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Spanish Judge Orders Arrest of Former Guatemalan Leaders

  • Jill Replogle

A Spanish judge Friday issued an international arrest order for two former Guatemalan military dictators, Efrain Rios Montt and Oscar Humberto Mejia Victores, along with five others accused of genocide during Guatemala's civil war.

The arrest orders came nearly a week after Spanish National Court Judge Santiago Pedraz cut short a trip to Guatemala.

Pedraz was in the country to investigate accusations of genocide and other war crimes committed by Guatemalan officials during the late 1970s and 1980s.

The case was brought before the Spanish justice system by Guatemalan Nobel Prize laureate Rigoberta Menchu, whose father was killed during a government siege on the Spanish Embassy in Guatemala City in 1980.

A ruling by Spain's constitutional court in 2005 allowed its tribunals to hear cases involving crimes against humanity, even if Spanish citizens were not affected.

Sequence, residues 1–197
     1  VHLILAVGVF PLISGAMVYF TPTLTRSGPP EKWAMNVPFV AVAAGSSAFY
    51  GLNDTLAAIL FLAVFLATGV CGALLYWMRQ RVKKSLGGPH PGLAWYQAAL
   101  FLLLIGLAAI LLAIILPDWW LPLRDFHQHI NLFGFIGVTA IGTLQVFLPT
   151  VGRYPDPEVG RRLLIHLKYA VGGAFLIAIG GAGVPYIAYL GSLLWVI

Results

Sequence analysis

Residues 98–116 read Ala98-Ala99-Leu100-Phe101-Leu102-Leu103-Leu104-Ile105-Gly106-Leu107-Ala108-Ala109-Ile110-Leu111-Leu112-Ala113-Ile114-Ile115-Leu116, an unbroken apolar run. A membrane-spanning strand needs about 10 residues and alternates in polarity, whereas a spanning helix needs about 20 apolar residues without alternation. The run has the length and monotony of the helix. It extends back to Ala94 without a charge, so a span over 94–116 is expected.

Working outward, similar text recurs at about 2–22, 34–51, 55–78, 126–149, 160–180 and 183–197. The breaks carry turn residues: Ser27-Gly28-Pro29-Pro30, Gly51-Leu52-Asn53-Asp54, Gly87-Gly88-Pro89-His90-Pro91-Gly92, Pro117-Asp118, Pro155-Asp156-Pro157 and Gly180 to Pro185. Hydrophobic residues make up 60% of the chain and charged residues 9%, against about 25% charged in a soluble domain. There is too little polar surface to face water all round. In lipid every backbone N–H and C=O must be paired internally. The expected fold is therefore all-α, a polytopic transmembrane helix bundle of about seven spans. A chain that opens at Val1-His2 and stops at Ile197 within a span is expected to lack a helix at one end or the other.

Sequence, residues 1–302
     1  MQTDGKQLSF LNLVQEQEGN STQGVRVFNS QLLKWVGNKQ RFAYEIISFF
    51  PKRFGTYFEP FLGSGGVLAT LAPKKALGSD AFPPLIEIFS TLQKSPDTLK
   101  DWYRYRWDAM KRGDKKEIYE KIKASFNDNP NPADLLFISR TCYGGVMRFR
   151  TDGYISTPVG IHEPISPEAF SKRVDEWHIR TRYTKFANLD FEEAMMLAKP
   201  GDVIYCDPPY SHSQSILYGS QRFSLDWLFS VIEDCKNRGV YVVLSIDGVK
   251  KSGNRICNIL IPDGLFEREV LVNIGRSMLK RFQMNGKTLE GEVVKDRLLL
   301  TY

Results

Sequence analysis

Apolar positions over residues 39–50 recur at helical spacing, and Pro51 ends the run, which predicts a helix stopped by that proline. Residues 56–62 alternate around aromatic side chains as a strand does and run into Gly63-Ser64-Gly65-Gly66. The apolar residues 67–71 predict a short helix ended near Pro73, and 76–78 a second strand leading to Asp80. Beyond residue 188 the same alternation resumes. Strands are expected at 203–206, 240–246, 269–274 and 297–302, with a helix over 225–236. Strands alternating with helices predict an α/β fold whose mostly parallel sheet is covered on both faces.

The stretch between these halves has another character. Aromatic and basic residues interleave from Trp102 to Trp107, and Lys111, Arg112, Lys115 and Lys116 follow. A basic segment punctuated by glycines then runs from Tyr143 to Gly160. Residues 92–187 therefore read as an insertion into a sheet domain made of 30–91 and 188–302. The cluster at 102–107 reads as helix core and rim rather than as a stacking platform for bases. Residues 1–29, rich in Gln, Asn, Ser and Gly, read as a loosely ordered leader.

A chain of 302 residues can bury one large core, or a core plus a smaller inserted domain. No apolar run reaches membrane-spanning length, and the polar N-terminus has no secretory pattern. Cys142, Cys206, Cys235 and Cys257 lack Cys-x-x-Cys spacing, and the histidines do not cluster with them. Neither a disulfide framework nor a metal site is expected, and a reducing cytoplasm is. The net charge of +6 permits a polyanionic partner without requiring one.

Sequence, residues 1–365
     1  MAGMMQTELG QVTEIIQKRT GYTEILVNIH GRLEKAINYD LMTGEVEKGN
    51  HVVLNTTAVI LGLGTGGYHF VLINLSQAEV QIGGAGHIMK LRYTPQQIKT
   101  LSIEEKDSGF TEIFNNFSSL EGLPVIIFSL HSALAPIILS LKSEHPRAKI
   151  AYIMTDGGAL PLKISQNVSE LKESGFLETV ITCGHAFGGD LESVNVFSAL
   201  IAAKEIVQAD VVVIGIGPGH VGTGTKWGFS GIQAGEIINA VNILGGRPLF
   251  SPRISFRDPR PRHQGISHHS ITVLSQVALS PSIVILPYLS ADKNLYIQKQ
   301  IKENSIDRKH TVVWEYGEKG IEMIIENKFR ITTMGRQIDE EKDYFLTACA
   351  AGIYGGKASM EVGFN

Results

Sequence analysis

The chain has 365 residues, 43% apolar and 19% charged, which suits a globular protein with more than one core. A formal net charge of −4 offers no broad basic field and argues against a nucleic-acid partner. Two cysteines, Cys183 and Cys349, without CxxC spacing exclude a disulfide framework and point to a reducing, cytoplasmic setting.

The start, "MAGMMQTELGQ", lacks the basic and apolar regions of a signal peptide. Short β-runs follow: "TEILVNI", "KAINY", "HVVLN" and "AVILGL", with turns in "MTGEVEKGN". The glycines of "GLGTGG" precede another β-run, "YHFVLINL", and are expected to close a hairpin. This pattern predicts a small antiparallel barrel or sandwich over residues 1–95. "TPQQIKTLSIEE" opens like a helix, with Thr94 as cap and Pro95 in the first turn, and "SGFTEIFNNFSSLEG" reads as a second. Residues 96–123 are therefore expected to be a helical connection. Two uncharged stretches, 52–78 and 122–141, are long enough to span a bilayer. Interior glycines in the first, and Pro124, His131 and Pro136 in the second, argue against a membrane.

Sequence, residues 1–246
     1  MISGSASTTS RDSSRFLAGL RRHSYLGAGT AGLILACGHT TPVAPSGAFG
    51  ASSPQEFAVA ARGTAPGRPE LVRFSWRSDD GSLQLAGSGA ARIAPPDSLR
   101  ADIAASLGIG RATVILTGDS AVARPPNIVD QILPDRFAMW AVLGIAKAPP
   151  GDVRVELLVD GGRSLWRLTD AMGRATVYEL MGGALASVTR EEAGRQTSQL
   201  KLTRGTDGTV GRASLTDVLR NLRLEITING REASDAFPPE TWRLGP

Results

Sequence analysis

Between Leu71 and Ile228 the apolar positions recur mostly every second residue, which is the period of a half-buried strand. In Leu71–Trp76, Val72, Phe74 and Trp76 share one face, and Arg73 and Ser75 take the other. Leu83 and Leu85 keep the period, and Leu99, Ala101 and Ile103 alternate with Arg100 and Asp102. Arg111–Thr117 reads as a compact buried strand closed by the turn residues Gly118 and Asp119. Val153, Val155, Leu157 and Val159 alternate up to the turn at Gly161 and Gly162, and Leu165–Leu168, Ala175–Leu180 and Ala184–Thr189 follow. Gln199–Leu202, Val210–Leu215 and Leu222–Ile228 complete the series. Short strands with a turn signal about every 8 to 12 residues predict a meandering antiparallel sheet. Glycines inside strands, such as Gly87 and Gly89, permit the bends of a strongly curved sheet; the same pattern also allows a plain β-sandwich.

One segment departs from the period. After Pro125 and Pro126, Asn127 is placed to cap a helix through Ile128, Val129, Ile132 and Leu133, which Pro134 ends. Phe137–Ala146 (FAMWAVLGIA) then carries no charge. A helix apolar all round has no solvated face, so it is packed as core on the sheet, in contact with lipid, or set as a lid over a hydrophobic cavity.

During Pedraz's trip to Guatemala, he was scheduled to hear testimony from witnesses and the accused. However, lawyers for the defense presented a series of appeals and effectively blocked the hearings.

The director of the Rigoberta Menchu Foundation, Eduardo de Leon, said the failed attempt to hear testimony in Guatemala doesn't prevent the judge from continuing with the case.

De Leon said the legal process in Spain wasn't going to stop because the hearings couldn't take place here in Guatemala. The judge has weighed the situation and decided to proceed in this way.

Besides General Rios Montt, the judge ordered the capture and detention of former presidents Oscar Humberto Mejia Victores and Fernando Romeo Lucas Garcia, and four high-ranking security officials who worked under their administrations.

Lucas Garcia died in Venezuela in May, but was included in the order because the case file doesn't include official notice of his death.

During General Rios Montt's 18 months in power from 1982, his anti-insurgency campaigns killed thousands of people and destroyed hundreds of Indian villages.

Guatemalan authorities have said the generals cannot be extradited for political crimes committed during the country's 36-year civil war under a 1996 amnesty law.

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